If you have ready any of my past posts you know that I thoroughly enjoy a good session of tabletop games, especially those of the Pathfinder and Dungeons & Dragons (D&D) caliber.
In the spirit of helping out other players and Game Masters (or Dungeon Masters) I post various tips and tricks I have learned in they years I have spent acting as a DM and as a player.
Here are three more tools I have found to help improve my experience with Pathfinder and D&D.
I cannot express enough how much this program has streamlined my character creation process. Whether I am creating a custom villain for my players to fight, or I am creating a character to play in a campaign; this has been one of the best investments I have made in tabletop gaming.
Now, I will say this is not a free program, so if you are looking for a program like that this isn’t for you. That said, I feel that their pricing is quite fair. This software can run for multiple systems (including Pathfinder and D&D 3.5, 4e, and 5e). The program itself is $29.99 with the first d20 system. If you have ever purchased hard back books you know that for what you are getting this is basically a steal (each book can easily cost $50 and core books typically come in three).
Not to mention there is quite a bit of community content you can get that adds to the software as well as regular updates to keep content current.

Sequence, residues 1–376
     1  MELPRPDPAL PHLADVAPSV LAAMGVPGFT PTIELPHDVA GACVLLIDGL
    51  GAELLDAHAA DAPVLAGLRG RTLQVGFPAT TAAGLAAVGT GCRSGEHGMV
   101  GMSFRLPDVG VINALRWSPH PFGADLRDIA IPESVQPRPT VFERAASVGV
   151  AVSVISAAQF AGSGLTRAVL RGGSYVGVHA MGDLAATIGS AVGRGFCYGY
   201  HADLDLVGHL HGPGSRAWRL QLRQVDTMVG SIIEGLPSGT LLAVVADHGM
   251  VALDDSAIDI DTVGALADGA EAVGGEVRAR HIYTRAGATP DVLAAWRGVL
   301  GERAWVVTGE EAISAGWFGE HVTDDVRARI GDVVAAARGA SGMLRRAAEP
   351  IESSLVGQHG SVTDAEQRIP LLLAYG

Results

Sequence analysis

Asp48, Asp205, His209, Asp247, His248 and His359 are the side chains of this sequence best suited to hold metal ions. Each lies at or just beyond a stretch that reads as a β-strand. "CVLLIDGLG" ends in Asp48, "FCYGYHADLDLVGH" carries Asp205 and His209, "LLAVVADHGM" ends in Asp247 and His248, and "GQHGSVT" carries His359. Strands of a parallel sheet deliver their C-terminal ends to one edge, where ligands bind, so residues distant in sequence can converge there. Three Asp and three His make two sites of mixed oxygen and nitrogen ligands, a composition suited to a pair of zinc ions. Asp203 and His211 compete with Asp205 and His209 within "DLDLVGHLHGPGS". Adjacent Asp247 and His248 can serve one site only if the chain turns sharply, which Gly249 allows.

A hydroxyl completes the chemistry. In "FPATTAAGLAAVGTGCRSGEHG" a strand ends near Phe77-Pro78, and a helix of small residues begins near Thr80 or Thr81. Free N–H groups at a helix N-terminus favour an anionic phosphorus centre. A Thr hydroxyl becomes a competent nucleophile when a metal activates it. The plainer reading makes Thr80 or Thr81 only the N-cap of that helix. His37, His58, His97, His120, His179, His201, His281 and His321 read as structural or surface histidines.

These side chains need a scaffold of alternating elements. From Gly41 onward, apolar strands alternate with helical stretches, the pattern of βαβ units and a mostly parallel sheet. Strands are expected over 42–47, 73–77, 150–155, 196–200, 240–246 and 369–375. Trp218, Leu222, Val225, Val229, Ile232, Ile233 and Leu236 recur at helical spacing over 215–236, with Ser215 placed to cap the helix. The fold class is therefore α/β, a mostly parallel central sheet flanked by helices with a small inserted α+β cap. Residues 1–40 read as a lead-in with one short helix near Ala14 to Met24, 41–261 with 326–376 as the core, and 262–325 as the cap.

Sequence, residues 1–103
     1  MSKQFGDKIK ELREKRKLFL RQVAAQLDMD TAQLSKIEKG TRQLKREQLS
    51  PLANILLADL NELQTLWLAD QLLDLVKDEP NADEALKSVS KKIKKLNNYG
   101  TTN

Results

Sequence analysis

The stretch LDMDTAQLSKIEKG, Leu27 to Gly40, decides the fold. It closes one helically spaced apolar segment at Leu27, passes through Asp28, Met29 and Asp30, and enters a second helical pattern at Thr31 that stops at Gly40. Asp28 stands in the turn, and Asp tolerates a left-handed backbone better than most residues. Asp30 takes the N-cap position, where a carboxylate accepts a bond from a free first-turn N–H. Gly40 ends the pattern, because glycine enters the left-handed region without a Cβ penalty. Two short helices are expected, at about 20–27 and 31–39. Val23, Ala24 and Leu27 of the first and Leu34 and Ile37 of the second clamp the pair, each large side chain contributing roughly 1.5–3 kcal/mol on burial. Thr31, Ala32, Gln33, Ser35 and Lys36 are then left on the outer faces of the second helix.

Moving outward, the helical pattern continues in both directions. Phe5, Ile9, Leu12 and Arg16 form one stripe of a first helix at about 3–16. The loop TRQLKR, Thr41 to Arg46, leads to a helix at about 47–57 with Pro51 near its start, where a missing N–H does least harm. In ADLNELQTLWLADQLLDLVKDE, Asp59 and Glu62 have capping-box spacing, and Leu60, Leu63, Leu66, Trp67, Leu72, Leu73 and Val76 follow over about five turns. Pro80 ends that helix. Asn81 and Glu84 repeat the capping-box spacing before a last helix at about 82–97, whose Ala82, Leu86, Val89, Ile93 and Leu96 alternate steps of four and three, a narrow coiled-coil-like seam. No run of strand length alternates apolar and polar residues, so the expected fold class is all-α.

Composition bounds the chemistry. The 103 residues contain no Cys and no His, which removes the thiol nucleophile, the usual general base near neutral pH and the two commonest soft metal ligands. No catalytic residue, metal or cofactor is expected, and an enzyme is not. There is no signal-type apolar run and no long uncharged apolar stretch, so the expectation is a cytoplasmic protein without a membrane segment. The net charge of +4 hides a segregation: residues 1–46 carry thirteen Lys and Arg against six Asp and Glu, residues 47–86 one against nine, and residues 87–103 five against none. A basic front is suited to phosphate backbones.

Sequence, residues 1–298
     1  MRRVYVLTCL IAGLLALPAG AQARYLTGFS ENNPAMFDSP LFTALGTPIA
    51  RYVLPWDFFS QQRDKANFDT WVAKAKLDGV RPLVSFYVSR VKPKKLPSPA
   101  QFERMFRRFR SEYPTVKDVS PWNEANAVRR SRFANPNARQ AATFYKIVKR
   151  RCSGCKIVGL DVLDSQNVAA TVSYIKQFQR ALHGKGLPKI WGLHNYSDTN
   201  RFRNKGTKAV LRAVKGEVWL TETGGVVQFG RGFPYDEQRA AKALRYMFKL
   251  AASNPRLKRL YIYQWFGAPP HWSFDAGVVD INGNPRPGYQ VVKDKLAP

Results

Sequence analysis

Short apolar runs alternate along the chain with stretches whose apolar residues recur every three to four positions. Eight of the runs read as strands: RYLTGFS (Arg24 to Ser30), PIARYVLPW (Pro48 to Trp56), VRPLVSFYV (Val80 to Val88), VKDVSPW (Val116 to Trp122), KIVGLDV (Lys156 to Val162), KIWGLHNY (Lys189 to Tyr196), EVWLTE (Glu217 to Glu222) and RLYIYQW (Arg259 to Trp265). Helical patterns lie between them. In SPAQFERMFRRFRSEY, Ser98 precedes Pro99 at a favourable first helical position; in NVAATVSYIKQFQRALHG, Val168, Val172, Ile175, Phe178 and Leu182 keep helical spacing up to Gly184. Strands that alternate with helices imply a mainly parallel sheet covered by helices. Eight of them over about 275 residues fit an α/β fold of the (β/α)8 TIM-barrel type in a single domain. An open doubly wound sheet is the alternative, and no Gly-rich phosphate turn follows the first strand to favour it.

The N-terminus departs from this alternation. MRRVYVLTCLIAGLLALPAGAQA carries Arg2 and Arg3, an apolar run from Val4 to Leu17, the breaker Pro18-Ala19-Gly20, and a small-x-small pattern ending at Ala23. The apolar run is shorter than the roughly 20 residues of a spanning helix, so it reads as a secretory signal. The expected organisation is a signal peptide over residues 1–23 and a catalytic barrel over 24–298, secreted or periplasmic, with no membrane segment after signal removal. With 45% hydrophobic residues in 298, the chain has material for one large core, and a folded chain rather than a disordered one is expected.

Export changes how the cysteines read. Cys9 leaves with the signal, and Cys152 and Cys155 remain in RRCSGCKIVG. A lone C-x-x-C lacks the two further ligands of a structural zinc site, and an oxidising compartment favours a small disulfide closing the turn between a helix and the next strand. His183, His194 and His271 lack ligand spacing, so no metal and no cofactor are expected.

As a DM this has become my best friend. This is a free software that allows you to do exactly what it says, manage combat in any campaign or session. This software is free and comes with all the monsters found within Pathfinder as well as a treasure generator and spell database so you can quickly check spell effects.
I have actually been able to find files that will import monsters from the D&D realm as well and am currently using this software for my current 5e campaign with my players.
Whether it’s rolling initiative, checking on the challenge rating, or creating an encounter this software is a golden resource to add to your repertoire.
This is another one of those “not free” resources. While I am always a fan of being cost effective and finding cheaper ways to do things (i.e. whiteboard and dry erase markers) there is something to be said about having an actual tile map that your players’ miniatures can venture through.
I found a decent source for these on amazon.com for a little under $20 for the dungeon set by itself (they offer a cave and outside set as well). For the greatest variety it would be ideal to have more than one of each set, but that can get a little pricey.
Still if you have the money it is a worthwhile investment for any tabletop adventure.
See you guys next time!